Episode 356: Smart home improvement is now a thing

This week’s show starts with a healthy portion of chips, with the main course being Nvidia’s reported acceptance that its deal to acquire ARM isn’t likely to happen. We then turn to the U.S. Commerce Department’s plans to combat the chip shortage crisis, new ML chips from Silicon Labs, Google’s first TinyML Coral microcontroller, and an Arduino-like RISC-V product. Feeling full from all of this chip ingestion we discuss how Peloton is trying to work out its excess inventory challenge. Two smart tracking companies raised some funding this week: Pebblebee on the consumer side and newly launched Tag-n-Trac for shipping and logistics. We then discuss how Thread turned the Wemo Stage controller from “meh” to “must-have” and share details of new Philips Hue fixtures. Rounding out the episode is a listener question from Michael asking if Alexa can control his Google Nest thermostat.

Peloton is changing its production plans, but we still think it has value. Image courtesy of Peloton.

Our guest this week is Oisin Hanrahan who is the CEO of Angi, the home services company formerly known as Angie’s List. He’s on the show to talk about startling data his company discovered late last year. According to Angi’s data, for the first time ever, smart home investments were in the top three home improvements made by homeowners. Hanrahan explains what homeowners are doing and why they are willing to invest in more technology. He also offers advice to device makers who want to attract the pro-installer business and makes recommendations on how pros think about the smart home. It’s a great interview.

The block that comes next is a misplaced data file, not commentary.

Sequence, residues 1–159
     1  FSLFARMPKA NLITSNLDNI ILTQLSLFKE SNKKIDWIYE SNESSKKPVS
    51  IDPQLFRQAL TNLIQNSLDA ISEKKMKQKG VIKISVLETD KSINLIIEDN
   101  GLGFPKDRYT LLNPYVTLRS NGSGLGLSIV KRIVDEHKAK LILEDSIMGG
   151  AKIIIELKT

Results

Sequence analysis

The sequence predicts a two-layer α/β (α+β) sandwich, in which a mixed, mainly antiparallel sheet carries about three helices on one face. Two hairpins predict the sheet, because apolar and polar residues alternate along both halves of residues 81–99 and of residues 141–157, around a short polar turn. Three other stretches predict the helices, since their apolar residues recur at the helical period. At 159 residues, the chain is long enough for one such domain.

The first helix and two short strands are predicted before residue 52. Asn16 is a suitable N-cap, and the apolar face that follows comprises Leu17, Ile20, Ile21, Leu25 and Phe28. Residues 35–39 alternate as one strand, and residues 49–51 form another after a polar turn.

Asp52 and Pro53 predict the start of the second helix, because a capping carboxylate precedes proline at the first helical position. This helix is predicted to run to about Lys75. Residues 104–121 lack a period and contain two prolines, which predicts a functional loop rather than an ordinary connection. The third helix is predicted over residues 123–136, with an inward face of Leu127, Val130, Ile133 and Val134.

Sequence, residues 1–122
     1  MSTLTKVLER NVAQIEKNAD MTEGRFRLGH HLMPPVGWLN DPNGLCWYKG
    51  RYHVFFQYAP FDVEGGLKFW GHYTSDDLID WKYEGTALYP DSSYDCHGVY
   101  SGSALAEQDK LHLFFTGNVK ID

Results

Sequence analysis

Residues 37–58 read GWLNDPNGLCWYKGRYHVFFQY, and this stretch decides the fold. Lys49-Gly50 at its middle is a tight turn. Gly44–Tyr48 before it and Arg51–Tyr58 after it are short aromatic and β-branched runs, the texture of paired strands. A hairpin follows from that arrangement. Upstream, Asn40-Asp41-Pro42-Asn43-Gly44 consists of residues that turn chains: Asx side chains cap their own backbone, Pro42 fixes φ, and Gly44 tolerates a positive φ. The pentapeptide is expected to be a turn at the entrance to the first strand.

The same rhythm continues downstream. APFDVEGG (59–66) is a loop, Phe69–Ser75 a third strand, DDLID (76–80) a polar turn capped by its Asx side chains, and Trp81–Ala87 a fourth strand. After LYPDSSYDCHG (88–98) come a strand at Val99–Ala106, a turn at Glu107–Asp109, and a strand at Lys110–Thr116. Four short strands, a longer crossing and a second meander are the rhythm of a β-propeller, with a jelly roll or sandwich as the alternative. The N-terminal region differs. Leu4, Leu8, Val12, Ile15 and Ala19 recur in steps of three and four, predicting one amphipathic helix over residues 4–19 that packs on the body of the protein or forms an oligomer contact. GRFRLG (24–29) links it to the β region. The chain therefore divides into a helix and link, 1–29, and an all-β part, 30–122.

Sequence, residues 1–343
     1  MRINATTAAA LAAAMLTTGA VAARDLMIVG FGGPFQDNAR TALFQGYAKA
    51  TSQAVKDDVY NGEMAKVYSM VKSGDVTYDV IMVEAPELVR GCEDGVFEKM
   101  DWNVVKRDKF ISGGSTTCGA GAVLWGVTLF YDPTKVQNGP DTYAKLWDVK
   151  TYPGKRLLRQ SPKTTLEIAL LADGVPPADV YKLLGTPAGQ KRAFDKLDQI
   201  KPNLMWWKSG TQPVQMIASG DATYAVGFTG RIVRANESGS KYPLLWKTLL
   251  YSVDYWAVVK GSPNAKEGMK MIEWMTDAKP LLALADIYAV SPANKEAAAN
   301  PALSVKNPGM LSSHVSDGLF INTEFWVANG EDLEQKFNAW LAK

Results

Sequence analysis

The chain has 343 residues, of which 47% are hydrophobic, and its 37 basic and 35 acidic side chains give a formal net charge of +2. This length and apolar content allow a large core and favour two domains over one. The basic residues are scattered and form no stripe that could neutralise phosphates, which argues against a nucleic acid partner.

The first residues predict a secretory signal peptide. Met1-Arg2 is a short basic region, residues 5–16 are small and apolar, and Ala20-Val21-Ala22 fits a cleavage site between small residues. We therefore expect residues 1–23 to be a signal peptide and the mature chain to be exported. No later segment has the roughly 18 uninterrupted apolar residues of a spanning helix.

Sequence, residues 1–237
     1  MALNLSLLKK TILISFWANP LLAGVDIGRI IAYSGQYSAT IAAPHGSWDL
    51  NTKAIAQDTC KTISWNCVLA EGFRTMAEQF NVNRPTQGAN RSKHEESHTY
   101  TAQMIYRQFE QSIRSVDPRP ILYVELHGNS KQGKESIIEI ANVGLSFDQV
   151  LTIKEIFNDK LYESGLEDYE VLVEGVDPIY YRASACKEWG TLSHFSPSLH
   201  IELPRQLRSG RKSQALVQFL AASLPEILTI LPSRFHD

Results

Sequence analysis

Hosts: Stacey Higginbotham and Kevin Tofel
Guest: Oisin Hanrahan, CEO of Angi
Sponsors: Rightpoint and Hologram

  • Nvidia may be giving up on its ARM-acquisition
  • $52 billion for U.S. chip factories won’t fix the real problem
  • Peloton could learn a thing or two from Apple
  • Painting, bathroom remodels, and smart home drive home improvements
  • What a pro wants

Episode 355: Get ready for an active FTC and energy storing appliances

The big story this week in IoT was the joint venture between Ford and ADT to add smart home security to cars through an in-vehicle security system. Then we discuss the FTC and Department of Justice reconsidering how they evaluate mergers. We also explain variations on Wi-Fi, from the launch of new Wi-Fi 6E gear to the coming Wi-Fi 7 standard. We include a blast from the past with an update on Misty Robotics and, in other robot news, we cover research from the MIT Media Lab on giving robotics a personality. We’re also sharing news about energy harvesting Bluetooth company Atmosic, which has a new product and $72 million in funding. In smaller news, we are excited about smart home company Tado going public, and a new way of handling IR sensing that could figure out the nutritional value of food. We stick with the food topic by discussing my latest purchase, a smart induction range from GE Appliances. Finally, we listen to a question from Kevin in St. Louis about using Amazon Sidewalk or LoRaWAN in wearables.

Furhat Robotics has acquired Misty Robotics for better social robotics. Image courtesy of Furhat. 

Our guest this week is Kailas Nair, a co-founder and director at Plentify. The South African startup is trying to help power companies store energy generated by renewable sources for later use by home appliances. Nair discusses how his startup is trying to use sensors and data analysis to make it possible to power a fridge, a heat pump, or a water heater when power is cheap and clean, for use when renewable energy isn’t available. He also explains how important it is to manage energy across many homes, not just on an individual basis. For the last five years, Plentify has sold its electronics and algorithms for water heaters in South Africa, and now he’s bringing the tech to the U.S. and hoping to convince appliance manufacturers to put the Plentify tech into their own products.